couldn’t find work – at $84 and $86. And
the soldiers bought about $2,000,000,000
worth of these bonds!
the soldier pays the greater part of the
bill. His family pays
too. They pay it in the same heart-break
that he does. As he suffers, they suffer. At
nights, as he lay in the trenches and
watched shrapnel burst about him, they lay
their beds and tossed sleeplessly – his
father, his mother, his wife, his sisters,
his brothers, his sons, and his daughters.
he returned home minus an eye, or minus a
leg or with his mind
broken, they suffered too – as much as and
even sometimes more than he. Yes, and
they, too, contributed their dollars to the
profits of the munitions makers and bankers
and shipbuilders and the manufacturers and
the speculators made. They, too, bought
Bonds and contributed to the profit of the
bankers after the Armistice in the
of manipulated Liberty Bond prices.
even now the families of the wounded men and
of the mentally broken
and those who never were able to readjust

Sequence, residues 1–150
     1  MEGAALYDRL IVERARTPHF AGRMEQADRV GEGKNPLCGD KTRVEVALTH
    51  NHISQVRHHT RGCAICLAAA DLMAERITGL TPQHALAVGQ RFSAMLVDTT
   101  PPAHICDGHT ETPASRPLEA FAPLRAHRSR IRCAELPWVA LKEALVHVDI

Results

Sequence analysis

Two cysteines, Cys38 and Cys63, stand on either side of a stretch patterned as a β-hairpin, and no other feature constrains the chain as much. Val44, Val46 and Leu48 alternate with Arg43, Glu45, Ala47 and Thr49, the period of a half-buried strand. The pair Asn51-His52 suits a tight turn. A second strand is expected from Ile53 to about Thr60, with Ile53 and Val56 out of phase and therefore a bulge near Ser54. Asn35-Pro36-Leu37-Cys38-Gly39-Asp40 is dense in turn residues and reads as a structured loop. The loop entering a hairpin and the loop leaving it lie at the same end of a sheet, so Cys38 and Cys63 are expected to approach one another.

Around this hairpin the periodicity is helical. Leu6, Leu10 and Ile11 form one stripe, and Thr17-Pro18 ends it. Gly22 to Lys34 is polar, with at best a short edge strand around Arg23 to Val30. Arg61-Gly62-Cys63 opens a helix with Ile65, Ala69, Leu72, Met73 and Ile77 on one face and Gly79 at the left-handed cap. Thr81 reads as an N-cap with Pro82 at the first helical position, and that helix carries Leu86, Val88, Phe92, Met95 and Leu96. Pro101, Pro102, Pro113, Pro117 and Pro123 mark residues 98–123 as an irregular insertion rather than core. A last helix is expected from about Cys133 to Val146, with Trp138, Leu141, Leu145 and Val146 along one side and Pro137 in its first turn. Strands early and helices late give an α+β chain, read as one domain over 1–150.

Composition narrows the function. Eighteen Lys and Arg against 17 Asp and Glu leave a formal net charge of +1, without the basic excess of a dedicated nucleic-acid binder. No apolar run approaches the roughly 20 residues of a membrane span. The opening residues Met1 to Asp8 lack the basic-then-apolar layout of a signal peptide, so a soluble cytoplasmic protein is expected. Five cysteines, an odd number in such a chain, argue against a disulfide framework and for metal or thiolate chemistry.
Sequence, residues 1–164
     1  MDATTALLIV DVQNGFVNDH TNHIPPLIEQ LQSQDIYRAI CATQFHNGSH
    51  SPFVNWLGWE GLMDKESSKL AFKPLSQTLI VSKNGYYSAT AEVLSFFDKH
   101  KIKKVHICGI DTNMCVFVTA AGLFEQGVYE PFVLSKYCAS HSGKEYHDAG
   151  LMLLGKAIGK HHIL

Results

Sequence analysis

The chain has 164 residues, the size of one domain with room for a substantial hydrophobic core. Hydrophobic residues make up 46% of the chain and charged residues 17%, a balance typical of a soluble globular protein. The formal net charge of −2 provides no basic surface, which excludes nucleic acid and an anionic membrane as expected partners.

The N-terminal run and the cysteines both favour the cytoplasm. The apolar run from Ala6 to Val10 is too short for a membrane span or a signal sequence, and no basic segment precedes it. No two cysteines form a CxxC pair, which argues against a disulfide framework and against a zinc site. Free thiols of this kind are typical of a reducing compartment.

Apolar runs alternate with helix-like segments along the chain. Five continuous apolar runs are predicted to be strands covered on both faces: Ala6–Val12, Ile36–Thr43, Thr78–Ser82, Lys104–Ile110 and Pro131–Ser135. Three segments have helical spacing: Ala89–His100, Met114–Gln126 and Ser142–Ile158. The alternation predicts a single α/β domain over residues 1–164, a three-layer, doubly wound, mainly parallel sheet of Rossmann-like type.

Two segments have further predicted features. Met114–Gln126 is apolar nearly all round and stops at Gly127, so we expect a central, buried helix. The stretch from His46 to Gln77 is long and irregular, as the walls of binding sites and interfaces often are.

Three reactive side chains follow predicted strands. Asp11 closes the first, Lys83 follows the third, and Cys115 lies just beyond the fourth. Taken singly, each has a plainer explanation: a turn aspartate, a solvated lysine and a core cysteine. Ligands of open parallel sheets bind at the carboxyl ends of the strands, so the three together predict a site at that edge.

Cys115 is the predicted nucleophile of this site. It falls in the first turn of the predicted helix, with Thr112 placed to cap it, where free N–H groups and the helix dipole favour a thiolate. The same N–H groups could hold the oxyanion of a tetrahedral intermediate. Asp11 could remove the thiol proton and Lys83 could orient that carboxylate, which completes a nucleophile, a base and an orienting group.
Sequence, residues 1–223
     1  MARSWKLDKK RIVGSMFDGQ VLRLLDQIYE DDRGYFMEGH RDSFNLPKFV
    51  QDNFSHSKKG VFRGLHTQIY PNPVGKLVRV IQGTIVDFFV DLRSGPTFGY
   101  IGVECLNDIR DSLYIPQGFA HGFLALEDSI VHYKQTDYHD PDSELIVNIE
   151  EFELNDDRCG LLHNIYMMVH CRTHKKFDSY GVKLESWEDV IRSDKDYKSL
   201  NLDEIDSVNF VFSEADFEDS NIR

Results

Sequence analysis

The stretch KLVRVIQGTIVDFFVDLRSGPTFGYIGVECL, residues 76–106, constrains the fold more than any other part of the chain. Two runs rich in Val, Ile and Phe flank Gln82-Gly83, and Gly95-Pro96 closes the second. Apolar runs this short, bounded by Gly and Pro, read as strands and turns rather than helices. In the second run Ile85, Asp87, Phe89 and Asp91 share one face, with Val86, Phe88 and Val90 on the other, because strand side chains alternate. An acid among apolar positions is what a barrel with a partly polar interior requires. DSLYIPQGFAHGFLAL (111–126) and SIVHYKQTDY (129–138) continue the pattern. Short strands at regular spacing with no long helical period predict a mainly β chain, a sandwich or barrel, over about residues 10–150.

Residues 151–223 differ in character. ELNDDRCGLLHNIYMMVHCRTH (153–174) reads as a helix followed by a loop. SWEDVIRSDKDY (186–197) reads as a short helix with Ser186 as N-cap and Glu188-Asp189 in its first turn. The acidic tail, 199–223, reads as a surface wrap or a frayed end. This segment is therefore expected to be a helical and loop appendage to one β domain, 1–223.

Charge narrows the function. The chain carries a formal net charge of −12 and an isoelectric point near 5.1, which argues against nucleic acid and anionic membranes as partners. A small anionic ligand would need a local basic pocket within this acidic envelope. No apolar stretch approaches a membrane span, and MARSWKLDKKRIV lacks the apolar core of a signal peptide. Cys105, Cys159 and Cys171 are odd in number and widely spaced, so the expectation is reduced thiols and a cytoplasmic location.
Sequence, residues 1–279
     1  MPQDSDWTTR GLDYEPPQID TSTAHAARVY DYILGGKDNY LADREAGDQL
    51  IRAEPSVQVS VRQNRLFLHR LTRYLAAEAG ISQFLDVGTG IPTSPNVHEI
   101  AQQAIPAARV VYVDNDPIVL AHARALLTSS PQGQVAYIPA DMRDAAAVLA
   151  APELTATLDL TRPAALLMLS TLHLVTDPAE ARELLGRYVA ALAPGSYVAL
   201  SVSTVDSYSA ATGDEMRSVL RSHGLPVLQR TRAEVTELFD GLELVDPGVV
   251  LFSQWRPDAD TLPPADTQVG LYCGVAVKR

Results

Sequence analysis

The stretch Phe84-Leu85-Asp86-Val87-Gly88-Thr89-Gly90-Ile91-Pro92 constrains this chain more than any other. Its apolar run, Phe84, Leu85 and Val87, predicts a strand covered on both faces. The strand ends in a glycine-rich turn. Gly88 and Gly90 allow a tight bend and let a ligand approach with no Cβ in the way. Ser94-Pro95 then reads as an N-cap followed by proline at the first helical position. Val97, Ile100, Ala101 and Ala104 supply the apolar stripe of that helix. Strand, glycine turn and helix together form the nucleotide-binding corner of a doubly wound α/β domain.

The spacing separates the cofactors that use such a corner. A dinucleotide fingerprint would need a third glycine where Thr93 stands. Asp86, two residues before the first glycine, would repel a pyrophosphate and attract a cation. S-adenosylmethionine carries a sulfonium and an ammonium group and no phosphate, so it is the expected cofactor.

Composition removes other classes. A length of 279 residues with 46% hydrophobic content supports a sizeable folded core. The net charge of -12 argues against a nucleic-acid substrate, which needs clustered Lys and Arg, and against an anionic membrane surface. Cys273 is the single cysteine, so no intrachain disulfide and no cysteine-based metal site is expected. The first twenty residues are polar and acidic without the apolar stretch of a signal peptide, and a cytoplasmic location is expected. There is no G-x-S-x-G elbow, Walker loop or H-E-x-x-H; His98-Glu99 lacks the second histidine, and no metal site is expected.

themselves are still suffering and still
Smash This Racket!
it’s a racket, all right.
few profit – and the many pay. But there is
a way to stop it.
You can’t end it by disarmament conferences.
You can’t eliminate it by peace parleys at
Geneva. Well-meaning but impractical groups
can’t wipe it out by resolutions. It can be
smashed effectively only by taking the
profit out of war.
only way to smash this racket is to
conscript capital and industry
and labor before the nations manhood can be
conscripted. One month before the Government
can conscript the young men of the nation –
it must conscript capital and industry
and labor. Let the officers and the
directors and the high-powered executives of
armament factories and our munitions makers
and our shipbuilders and our airplane
and the manufacturers of all the other
things that provide profit in war time as